A guide to handling incidents, downtime and outagesLeave a Comment
Outages and downtime are inevitable. Designing your systems to handle failure is a key part of modern infrastructure architecture which makes it possible to survive most problems, however there will be incidents you didn’t think about, software bugs you didn’t catch and other events which result in downtime for your service.
Microsoft, Amazon and Google spend $billions every quarter and even they still have outages. How much do you spend?
There are some companies who constantly seem to have problems and suffer from it unnecessarily. Regular outages ultimately become unacceptable but if you adopt a few key principles and design your systems properly, the few times when you do have service incidents you can be forgiven by customers.
Step 1: Planning
If critical alerts result in panic and chaos then you deserve to suffer from the incident! There are a number of things you can do in advance to ensure that when something does go wrong, everyone on your team knows what they should be doing.
- Put in place the right documentation. This should be easily accessible, searchable and up to date. We use Google Docs for this.
- Use proper config management, be it Puppet, Chef, Ansible, Salt Stack or some other systems to be able to make mass changes to your infrastructure in a controlled manner. It also helps your team understand novel issues because the code that defines the setup is easily accessible.
Be aware of your whole system. Unexpected failures can come from unusual places. Are you hosted on AWS? What happens if they suffer an outage and you need to use Slack or Hipchat for internal communication? Are you hosted on Google Cloud? What happens if your GMail is unavailable during a Google Cloud outage? Are you using a data center within the city you live in? What happens if there’s a weather event and the phone service is knocked out?
Step 2: Be ready to handle the alerts
Some people hate being on call, others love it! Either way, you need a system to handle on call rotations, escalating issues to other members of the team, planning for reachability and allowing people to go off-call after incidents. We use PagerDuty on a weekly rotation through the team and consider things like who is available, internet connectivity, illness, holidays and looping in product engineering so issues waking people up can be resolved quickly.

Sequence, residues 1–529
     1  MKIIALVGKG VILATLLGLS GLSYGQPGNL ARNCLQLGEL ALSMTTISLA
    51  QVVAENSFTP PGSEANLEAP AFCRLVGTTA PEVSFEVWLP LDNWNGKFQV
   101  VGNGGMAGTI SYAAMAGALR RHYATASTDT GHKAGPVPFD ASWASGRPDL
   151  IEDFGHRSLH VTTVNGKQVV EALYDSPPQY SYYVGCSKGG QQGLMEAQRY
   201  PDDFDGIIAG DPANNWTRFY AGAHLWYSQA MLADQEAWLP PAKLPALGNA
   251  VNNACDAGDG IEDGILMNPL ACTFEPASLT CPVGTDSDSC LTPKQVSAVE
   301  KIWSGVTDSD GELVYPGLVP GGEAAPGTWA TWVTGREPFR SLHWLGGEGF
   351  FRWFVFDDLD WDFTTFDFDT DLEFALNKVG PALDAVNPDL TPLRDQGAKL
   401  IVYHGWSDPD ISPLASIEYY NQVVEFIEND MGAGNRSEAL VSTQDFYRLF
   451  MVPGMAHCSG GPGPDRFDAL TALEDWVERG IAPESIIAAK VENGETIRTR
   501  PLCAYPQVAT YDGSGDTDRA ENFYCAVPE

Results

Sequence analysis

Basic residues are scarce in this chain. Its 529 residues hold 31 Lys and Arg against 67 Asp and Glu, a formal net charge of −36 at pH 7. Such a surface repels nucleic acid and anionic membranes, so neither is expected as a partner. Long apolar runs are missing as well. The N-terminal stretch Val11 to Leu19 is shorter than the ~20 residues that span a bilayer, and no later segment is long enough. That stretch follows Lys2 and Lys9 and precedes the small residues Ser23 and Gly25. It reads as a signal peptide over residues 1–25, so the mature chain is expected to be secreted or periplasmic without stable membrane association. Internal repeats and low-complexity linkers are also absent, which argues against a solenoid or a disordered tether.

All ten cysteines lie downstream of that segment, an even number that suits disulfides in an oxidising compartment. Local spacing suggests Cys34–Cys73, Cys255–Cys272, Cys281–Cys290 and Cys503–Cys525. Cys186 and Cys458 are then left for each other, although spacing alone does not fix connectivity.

More and more outages are being caused by software bugs getting into production because it’s never just a single thing that goes wrong – a cascade of problems all culminate to cause downtime – so you need rotations amongst different teams, such as frontend engineering, not just ops.
Step 3: Deal with it, using checklists
Have a defined process in place ready to run through whenever the alerts go off. Using a checklist removes unnecessary thinking so you can focus on the real problem, and ensures key actions are taken and not forgotten. Have a channel for communication both internally and externally – there’s nothing worse to be the customer of a service that is down and you have no idea if they’re working on it or not.
Step 4: Write up a detailed postmortem
This is the opportunity to win back trust. If you follow the steps above and provide accurate, useful information during the outage so people know what is going on, this is the chance to write it up, explain what happened, what went wrong and crucially, what you are going to do to prevent it from happening again. Outages highlight unknown system flaws and it’s important to tell your users that the hole no longer exists, or is in the process of being closed.
@serverdensity Great incident report!
— Or Weinberger (@orweinberger) August 27, 2014
Interested in learning more?
We are going live on the internet in the form of a Q&A webinar on the 11th November 2014 @ 18:30 BST. We’ll be discussing things to consider when handling incidents, on-call rotations and outage status page communications. Join us for free!